Mudit Sethia, who runs smartphone distribution and retail channels in Kishanganj, Bihar, said that some Chinese brands offer ₹150 per unit sold as an incentive. This could go up to above ₹200 per unit, depending on how expensive the phone in question is.
Furthermore, another source in Gurgaon said some distributors are wholesaling Xiaomi, Vivo and Oppo’s phones to grey markets at nearly zero margins. This allows them to fulfill the volume targets that these Chinese brands want, hence earning the incentive they offer on those sales.
Selling to the grey market doesn’t just allow them to fulfill volumes—it also gives them a much wider coverage than their current stores and networks can offer.
He also said that distributors who were doing business worth ₹20 lakh per month by selling Xiaomi’s phones earlier have suddenly seen a sharp increase in business transactions—up to ₹4 crore per month just ahead of the festive season, thanks to this strategy. Another reason for this sharp increase is because of financing plans, which allow customers to get phones today and pay for them later.
How it happened
The main reason behind the fall from grace for Indian brands, however, is the failure to gauge a fundamental shift in the market—when India suddenly moved from 3G to 4G in a matter of months and Reliance Jio changed the game completely. According to Vikas Jain, co-founder, Micromax Informatics Ltd, Micromax found itself with a huge stock of 3G smartphones across its supply chain, which it had to get rid of at a time when the market was focusing on 4G devices. “The total addressable market (TAM) went down,” he said.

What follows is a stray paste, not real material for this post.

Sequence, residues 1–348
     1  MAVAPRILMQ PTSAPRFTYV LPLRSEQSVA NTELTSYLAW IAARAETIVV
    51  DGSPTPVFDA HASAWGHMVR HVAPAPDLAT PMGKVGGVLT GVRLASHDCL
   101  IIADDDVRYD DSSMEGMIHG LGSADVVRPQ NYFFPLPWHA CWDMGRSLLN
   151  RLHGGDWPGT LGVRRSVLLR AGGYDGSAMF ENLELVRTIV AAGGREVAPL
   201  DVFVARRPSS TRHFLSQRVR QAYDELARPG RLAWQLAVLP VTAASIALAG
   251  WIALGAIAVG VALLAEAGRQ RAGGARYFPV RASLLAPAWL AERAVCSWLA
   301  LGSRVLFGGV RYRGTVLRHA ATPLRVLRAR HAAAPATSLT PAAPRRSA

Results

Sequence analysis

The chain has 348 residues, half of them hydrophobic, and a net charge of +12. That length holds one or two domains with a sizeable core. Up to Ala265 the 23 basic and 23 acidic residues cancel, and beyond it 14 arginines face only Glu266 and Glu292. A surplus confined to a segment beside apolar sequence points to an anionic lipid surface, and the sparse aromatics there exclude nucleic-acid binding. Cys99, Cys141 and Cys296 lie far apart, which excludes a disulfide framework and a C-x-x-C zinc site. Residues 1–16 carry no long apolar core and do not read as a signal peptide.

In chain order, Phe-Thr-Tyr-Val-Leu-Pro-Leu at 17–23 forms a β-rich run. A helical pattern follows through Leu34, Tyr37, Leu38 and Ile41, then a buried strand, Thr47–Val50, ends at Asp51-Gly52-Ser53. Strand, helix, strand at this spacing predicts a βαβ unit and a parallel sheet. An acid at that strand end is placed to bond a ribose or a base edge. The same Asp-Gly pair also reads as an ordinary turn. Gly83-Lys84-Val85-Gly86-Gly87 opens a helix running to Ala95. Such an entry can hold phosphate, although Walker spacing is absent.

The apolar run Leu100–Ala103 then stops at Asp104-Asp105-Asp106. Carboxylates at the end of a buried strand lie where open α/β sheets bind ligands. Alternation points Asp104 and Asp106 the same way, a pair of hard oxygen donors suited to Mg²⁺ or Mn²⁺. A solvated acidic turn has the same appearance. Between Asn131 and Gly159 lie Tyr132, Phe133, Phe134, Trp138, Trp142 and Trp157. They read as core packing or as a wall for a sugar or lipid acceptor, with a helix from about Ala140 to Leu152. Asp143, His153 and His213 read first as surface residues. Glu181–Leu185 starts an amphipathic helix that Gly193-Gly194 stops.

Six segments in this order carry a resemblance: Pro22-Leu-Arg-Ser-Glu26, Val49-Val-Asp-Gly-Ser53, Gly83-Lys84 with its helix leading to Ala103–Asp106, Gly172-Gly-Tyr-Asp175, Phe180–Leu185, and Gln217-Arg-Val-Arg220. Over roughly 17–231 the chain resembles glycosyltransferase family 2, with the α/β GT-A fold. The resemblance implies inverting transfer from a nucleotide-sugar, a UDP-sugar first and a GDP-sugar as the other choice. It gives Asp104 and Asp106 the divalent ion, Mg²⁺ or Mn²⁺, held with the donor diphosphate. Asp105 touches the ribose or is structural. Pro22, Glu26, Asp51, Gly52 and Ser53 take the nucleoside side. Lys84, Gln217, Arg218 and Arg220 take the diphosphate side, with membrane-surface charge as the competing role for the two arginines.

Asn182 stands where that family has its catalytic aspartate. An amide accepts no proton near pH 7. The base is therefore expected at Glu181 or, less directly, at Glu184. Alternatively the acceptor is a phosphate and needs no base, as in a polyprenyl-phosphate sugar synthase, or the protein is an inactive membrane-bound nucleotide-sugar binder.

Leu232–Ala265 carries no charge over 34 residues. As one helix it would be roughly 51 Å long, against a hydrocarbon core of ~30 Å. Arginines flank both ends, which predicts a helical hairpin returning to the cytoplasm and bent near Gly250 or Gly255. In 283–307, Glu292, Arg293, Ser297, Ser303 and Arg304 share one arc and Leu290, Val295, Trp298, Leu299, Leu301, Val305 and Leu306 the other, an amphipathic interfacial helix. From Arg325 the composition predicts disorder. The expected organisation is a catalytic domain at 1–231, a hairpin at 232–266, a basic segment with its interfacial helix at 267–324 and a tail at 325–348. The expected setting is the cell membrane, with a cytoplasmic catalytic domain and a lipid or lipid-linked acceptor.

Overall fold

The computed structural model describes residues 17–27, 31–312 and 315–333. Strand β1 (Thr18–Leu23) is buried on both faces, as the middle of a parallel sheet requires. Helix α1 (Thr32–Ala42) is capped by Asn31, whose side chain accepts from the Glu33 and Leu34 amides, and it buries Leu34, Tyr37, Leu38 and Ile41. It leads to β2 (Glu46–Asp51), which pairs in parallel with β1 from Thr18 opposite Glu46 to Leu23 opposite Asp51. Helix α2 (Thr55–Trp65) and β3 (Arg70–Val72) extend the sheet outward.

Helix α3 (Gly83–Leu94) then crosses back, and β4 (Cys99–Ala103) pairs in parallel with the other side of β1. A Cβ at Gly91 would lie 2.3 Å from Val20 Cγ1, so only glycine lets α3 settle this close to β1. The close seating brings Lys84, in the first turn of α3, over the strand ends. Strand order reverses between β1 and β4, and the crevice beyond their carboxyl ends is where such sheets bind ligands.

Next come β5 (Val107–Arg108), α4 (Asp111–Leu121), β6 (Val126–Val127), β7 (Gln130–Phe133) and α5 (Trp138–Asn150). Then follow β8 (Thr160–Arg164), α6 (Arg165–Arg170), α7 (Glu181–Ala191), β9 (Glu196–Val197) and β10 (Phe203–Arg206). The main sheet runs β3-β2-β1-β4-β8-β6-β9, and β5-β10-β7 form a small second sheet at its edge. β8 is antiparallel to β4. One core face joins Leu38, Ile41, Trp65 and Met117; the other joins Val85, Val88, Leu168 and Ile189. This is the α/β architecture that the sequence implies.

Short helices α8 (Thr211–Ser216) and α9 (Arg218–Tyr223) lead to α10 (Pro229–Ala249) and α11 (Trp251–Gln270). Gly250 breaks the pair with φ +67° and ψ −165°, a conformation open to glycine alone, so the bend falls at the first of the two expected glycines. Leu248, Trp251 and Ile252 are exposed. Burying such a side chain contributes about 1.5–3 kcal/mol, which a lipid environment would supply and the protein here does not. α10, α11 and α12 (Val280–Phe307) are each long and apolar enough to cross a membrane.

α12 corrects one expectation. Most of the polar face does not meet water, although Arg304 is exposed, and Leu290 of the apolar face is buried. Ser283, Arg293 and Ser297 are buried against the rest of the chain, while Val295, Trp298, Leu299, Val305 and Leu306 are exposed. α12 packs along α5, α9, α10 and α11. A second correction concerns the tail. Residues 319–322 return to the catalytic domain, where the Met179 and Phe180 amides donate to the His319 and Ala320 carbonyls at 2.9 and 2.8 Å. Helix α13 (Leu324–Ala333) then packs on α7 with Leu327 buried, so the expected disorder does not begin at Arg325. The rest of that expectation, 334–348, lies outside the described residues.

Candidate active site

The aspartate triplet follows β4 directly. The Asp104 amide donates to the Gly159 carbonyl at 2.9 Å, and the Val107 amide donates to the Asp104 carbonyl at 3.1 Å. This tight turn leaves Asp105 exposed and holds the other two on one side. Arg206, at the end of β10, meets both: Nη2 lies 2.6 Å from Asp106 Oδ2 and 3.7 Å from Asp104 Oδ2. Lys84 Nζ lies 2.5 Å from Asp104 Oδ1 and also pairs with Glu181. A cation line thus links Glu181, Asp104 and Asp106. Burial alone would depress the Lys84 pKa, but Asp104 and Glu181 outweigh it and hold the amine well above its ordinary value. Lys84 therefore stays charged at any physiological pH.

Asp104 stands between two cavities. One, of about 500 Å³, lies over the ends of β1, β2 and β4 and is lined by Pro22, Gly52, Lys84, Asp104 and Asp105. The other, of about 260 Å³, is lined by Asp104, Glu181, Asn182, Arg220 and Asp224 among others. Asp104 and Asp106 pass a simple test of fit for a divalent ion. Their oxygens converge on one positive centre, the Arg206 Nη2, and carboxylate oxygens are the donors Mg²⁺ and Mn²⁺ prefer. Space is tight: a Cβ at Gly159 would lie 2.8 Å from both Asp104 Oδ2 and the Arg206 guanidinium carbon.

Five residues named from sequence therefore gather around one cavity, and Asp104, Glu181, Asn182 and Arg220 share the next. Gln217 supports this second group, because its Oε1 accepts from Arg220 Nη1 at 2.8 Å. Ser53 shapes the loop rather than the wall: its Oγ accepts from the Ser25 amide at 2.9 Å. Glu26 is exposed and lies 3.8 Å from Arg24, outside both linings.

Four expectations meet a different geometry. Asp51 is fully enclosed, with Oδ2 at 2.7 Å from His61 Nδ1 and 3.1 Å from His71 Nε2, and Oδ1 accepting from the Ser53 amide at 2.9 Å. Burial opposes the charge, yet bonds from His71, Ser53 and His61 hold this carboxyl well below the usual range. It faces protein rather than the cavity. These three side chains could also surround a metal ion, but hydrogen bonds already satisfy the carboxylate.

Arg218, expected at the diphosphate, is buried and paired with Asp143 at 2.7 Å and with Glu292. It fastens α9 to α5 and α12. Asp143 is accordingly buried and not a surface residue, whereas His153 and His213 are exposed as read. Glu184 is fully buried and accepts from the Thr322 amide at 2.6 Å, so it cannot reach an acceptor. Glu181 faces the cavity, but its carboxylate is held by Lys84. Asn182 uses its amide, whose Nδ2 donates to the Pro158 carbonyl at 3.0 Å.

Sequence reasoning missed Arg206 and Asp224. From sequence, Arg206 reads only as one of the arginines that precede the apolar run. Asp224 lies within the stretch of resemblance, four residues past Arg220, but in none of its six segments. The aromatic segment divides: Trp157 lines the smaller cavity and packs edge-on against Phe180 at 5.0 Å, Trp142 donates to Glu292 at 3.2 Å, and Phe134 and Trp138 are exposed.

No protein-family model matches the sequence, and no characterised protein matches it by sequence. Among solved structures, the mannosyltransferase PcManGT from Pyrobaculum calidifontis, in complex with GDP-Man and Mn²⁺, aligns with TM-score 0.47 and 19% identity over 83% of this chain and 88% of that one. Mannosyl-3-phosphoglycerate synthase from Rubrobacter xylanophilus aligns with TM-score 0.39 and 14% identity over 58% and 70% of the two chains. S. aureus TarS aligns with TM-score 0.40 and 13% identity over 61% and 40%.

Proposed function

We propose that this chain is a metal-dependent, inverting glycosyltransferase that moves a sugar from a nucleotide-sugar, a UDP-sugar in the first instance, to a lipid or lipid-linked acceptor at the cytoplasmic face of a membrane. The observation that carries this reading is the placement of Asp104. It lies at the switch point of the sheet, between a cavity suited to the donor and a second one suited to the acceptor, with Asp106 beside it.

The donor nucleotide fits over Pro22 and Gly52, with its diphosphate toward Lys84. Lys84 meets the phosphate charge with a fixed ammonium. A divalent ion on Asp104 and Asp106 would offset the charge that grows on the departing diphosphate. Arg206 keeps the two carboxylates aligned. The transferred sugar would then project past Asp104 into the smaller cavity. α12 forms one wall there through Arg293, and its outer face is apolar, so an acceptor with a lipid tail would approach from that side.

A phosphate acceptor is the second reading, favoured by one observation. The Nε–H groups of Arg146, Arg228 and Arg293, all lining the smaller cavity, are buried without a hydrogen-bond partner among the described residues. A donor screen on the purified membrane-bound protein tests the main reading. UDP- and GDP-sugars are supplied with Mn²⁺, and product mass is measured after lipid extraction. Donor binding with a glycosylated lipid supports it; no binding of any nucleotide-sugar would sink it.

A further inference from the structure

His inventory, which was meant for 60-75 days, was extended to 365 days. Singh agrees with this, saying that the Indian brands “had a lot of commitments” in China for 3G phones, when Xiaomi and other brands were selling 4G devices.
Jain mentions that this was something that hit all Indian players, and since the market leaders could not fulfill the consumers’ demand for 4G-enabled devices, a huge gap was left to be filled. Their Chinese counterparts duly capitalised.
The Chinese firms were already coming from a 4G-dominant market and could bring their 4G-enabled phones to India. When Reliance Jio forced telecom players to adopt 4G connectivity and voice-over LTE (VoLTE) calling, Chinese phones were already ready for it.
While these brands also offered better pricing at times, Jain says that it alone cannot be the differentiator. “If I am able to do that (undercut somebody), then somebody should be able to do that to me too. Price is not the only mantra,” he added.
An industry veteran who wished to remain anonymous further added that Chinese brands have been known to even sell phones at a loss, just to gain consumer interest.
Kapal Pansari, director of Rashi Peripherals, one of India’s top five IT distributors, also said that Chinese firms gamed the distribution ecosystem well, even while treating both offline and online channels on an equal footing. He said, “Indian players did not manage distribution hygiene properly and created discontent and mistrust among its distribution stakeholders. Chinese brands, on the other hand, continued to improve on the channel front with new experiments, and introduced innovative channel finance models in order to build trust among the involved partners.”
S.N. Rai, co-founder of Lava, further added that the Chinese brands also had control over the value-chain of the business – the design and manufacturing side. While Rai claims that Lava also had control over such aspects of the business in India, the Chinese were more evolved.
Hopes of possible comeback
However, as any disruptor in any industry knows, technological advantages do not last forever and cash burn is not a long-term strategy. That is why Indian brands have begun to sense the possibility of a comeback. According to Sethia, the likes of Oppo and Vivo have stopped paying for putting up their boards, and other such advertising tactics.